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Lockdown Having No Impact on Air Quality in Slovenia

(Photo: Demokracija)

Even though public life in Slovenia all but ground to a halt on Monday in a bid to curb the coronavirus outbreak, the Environment Agency (ARSO) has not detected any improvement in air quality.

The biggest source of air pollution in the country is coarse particulate matter (PM10) from household solid fuel boilers, whose contribution in the given situation is not smaller, but possibly even bigger, said ARSO.

Air in Slovenia is as a rule at its best in spring or autumn and limit values of pollutants are rarely exceeded at this time of year.

“Comparing air particle pollution this week and the week before, particle levels this week are generally slightly higher than last week, which is a result of meteorological conditions,” said ARSO.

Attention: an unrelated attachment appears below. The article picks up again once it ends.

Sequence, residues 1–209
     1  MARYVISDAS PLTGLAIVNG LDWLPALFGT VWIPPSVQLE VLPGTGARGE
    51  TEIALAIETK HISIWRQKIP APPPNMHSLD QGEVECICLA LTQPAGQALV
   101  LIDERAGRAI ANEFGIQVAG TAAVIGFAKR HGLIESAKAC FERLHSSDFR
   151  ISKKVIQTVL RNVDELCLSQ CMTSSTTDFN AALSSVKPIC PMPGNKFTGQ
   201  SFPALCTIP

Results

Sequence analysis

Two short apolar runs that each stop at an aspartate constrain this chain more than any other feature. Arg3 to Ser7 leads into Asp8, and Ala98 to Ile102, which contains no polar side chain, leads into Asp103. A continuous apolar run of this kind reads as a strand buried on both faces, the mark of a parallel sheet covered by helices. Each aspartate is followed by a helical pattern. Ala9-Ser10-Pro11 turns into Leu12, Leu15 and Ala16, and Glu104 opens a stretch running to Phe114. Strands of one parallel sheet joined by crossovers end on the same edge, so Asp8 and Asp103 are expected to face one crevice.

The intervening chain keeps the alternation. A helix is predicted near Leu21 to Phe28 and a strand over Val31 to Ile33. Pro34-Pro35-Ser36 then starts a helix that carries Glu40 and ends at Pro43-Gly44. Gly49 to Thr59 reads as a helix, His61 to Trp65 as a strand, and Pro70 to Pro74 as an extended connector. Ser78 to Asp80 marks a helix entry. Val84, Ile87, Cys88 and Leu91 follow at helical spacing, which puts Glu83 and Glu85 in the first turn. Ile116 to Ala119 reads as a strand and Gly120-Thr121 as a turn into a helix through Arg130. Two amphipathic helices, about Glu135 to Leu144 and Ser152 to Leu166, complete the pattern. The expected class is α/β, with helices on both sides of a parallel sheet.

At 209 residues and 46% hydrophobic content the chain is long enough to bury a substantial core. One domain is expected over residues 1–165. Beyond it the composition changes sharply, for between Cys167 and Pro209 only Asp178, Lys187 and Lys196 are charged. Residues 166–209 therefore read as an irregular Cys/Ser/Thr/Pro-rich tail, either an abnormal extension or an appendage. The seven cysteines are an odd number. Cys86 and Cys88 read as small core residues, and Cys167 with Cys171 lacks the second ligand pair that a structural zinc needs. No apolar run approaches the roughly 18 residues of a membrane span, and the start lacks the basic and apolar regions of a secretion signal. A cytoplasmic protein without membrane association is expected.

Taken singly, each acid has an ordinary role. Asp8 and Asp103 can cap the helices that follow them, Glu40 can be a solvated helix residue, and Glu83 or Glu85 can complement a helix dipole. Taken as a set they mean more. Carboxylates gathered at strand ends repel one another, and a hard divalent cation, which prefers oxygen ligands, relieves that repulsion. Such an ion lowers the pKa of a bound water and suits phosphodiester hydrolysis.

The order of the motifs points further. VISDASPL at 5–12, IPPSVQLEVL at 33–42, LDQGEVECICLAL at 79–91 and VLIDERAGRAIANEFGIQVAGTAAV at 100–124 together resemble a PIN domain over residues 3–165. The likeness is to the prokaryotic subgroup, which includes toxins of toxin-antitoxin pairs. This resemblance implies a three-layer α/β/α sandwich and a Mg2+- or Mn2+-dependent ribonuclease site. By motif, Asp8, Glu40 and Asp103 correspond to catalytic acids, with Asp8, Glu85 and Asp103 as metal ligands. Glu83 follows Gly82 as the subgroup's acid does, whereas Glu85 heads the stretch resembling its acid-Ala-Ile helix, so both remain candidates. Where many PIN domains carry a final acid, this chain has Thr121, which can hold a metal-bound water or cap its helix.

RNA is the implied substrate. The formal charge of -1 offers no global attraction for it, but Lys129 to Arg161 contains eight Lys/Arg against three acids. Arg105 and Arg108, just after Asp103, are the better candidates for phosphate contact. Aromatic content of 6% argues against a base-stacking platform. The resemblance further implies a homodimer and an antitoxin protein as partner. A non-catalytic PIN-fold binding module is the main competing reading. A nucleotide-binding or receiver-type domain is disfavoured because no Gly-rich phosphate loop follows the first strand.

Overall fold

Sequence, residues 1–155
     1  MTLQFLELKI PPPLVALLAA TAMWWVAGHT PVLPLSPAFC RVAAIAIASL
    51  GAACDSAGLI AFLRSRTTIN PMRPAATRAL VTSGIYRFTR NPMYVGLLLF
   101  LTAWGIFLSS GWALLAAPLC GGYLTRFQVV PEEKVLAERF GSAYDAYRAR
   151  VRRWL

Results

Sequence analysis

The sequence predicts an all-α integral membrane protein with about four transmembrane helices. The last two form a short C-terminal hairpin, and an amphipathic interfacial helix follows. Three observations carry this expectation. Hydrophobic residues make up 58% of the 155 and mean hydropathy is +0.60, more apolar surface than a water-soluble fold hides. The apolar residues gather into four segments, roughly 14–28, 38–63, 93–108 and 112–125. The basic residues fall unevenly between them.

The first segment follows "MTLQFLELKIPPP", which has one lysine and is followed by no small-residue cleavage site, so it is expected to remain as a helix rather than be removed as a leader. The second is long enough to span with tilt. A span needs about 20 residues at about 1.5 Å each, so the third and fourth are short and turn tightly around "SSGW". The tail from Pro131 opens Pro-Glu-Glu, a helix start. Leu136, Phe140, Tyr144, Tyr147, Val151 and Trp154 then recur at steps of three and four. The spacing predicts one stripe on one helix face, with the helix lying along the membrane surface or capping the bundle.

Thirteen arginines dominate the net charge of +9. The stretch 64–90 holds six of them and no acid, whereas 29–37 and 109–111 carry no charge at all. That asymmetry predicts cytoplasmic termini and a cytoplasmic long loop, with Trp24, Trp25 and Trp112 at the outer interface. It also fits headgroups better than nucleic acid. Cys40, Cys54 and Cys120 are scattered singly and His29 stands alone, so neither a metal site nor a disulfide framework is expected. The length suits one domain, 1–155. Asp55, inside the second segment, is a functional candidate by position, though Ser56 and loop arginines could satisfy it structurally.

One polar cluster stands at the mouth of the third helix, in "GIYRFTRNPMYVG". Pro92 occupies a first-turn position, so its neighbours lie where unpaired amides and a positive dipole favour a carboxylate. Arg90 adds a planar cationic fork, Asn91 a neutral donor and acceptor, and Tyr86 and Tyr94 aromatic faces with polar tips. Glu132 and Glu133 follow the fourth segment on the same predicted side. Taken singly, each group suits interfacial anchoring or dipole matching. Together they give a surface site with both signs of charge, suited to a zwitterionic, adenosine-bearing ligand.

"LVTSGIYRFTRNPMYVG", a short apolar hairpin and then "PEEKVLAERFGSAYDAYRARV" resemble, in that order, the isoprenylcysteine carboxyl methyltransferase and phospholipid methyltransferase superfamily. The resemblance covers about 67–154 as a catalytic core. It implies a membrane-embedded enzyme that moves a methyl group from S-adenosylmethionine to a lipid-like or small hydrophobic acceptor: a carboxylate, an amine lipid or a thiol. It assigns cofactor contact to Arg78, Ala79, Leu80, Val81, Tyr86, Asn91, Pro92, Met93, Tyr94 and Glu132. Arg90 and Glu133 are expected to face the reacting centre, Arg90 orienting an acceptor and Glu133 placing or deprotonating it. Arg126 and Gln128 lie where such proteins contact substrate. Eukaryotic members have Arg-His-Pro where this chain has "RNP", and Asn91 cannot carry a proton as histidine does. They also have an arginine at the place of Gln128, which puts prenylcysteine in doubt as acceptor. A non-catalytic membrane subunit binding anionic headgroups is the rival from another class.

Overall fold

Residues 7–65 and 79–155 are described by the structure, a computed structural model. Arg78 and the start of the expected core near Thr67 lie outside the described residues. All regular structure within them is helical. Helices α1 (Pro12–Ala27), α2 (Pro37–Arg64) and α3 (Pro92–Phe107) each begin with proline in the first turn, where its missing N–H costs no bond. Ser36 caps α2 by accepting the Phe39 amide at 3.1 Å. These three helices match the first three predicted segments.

Slovenia has enjoyed a spell of stable warm sunny weather, which also means temperature inversion for the greater part of the morning as a result of which morning particle values are elevated.

As for the impact of the suspension of public transportation and air flights and a reduction in commuter traffic, ARSO says this could be reflected mainly in emissions of nitrogen oxides, but this type of pollution is not problematic in Slovenia.

Moreover, monitoring also shows that it is too early to draw any conclusions on the impact of the shutdown on NOx levels.

ARSO noted that industry contributed only a small portion of air pollution recorded by its monitoring stations, so they could speak of a reduction in emissions.

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